What does fact checked mean?
At Healthfully, we strive to deliver objective content that is accurate and up-to-date. Our team periodically reviews articles in order to ensure content quality. The sources cited below consist of evidence from peer-reviewed journals, prominent medical organizations, academic associations, and government data.
The information contained on this site is for informational purposes only, and should not be used as a substitute for the advice of a professional health care provider. Please check with the appropriate physician regarding health questions and concerns. Although we strive to deliver accurate and up-to-date information, no guarantee to that effect is made.
If you bruise easily, if you have frequent nosebleeds or if your cuts take a long time to clot, you may be low in vitamin K and may be looking for a way to thicken your blood to increase its ability to clot. Lettuce is a vegetable that contains vitamin K, but the levels can vary greatly among the different kinds of lettuce and salad greens. Consult with your physician before trying to adjust your vitamin K levels to thicken your blood.
Vitamin K is a fat-soluble vitamin and, according to the National Institutes of Health, is known as the clotting vitamin because it plays a major role in your body’s ability to form blood clots. Vitamin K can be found in a variety of green vegetables, fish, liver, red meats, eggs and some cereals. The Institute of Medicine’s Food and Nutrition Board recommends you consume 90 micrograms of vitamin K per day through your diet.
Iceberg lettuce is known for its crispiness, though it is low on flavor and nutrients, according to the Cook’s Thesaurus. In terms of vitamin K, iceberg has the lowest amount among the different types of lettuce. The USDA Nutrient Database shows that a 1-cup serving of iceberg lettuce contains only 17.4 micrograms of vitamin K. Iceberg lettuce also contains 215 micrograms of beta-carotene and 361 IU of vitamin A.
Red and Green Leaf Lettuce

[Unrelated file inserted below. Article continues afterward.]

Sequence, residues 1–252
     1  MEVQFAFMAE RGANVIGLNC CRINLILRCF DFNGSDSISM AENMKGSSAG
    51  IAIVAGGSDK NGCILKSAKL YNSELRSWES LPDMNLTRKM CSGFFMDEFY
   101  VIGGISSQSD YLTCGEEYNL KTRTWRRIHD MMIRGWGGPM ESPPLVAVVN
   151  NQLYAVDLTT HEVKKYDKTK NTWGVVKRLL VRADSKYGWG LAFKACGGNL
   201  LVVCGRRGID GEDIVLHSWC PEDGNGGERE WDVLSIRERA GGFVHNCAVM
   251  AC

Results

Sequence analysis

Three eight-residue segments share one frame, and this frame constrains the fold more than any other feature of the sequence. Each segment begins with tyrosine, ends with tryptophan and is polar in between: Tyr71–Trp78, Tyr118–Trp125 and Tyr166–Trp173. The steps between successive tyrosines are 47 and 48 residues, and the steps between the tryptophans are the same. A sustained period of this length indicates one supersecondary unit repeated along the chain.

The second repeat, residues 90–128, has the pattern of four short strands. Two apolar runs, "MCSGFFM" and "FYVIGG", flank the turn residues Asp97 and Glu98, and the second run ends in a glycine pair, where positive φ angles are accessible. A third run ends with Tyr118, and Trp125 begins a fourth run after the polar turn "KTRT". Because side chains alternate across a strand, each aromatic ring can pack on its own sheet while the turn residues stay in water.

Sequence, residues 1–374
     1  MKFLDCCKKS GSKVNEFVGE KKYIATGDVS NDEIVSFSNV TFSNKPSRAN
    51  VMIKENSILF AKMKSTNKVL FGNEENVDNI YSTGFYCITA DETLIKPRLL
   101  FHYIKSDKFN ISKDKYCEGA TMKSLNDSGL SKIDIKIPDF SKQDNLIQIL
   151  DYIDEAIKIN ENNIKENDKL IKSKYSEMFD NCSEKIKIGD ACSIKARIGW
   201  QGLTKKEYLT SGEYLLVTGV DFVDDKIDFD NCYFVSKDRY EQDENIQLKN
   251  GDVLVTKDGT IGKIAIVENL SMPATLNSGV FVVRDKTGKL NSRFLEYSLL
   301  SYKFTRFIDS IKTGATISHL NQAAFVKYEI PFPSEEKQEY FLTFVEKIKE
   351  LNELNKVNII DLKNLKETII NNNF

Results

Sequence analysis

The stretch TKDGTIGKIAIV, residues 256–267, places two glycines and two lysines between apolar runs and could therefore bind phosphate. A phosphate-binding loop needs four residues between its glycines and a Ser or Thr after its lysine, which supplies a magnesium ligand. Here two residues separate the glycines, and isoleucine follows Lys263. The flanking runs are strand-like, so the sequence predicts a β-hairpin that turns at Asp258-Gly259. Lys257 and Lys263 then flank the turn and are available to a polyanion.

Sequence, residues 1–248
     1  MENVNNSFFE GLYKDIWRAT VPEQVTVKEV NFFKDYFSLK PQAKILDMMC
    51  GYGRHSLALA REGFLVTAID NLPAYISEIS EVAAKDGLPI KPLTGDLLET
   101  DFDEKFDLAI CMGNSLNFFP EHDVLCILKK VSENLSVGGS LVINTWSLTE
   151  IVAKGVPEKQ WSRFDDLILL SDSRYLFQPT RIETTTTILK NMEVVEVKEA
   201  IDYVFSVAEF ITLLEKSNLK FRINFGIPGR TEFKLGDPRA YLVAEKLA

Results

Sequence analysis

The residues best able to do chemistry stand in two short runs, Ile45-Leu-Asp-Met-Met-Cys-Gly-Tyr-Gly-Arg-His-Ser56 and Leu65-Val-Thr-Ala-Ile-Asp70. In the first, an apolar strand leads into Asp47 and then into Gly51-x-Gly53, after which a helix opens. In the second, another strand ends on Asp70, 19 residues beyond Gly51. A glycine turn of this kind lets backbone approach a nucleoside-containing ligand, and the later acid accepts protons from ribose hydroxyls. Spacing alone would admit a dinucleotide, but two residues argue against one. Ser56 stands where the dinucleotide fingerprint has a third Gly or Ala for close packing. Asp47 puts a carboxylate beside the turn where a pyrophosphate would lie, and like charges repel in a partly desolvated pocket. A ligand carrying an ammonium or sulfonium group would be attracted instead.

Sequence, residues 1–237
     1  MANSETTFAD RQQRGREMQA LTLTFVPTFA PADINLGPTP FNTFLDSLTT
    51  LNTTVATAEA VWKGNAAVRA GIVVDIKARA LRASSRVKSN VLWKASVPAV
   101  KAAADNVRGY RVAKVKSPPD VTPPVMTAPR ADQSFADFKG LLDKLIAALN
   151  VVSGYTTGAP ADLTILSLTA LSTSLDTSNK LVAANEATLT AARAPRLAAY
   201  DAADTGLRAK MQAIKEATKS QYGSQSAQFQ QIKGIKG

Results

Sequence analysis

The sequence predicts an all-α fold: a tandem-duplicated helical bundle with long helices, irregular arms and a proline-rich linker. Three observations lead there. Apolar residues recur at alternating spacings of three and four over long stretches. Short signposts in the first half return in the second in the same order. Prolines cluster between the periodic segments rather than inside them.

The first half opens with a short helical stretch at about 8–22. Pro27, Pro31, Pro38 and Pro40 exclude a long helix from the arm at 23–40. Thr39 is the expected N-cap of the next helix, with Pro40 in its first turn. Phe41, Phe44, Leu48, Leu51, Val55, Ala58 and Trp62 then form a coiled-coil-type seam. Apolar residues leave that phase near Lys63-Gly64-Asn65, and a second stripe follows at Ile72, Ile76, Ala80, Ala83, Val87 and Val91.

Leaf lettuce comes in a loose-leaf bunch. A 1-cup serving of red leaf lettuce contains 39.3 micrograms of vitamin K, and the same serving size of green leaf lettuce contains 45.5 micrograms. With a recommended amount of 90 micrograms, one serving of these lettuces can provide as much as half of your daily vitamin K and help maintain your blood's ability to clot.
Romaine lettuce is traditionally used in Caesar salads. A 1-cup serving of romaine lettuce contains 48.2 micrograms of vitamin K. Romaine provides high levels of vitamin A and beta-carotene, with 2,456 micrograms of beta-carotene and 4,094 IU of vitamin A.
Butter lettuce is a loose-leaf lettuce that includes Bibb and Boston varieties. Butter lettuce has a less crispy texture than other lettuce varieties have and tends to be softer. It can be used in salads and sandwiches and also can be used as a plate base to accent other food dishes. Butter lettuce varieties have the highest amount of vitamin K among the lettuces, with a 1-cup serving containing 56.3 micrograms of vitamin K.
Before trying to thicken your blood on your own through the addition of foods rich in vitamin K, consult with your physician. If you are at risk of heart disease or have had a previous heart attack and have been prescribed a blood-thinning medication such as Coumadin, let your physician know before adding large amounts of lettuce or other sources of vitamin K to your diet. The vitamin K in the lettuce can reduce the effectiveness of your medication, and your physician may need to adjust your dosage.
- Big Cheese Photo/Big Cheese Photo/Getty Images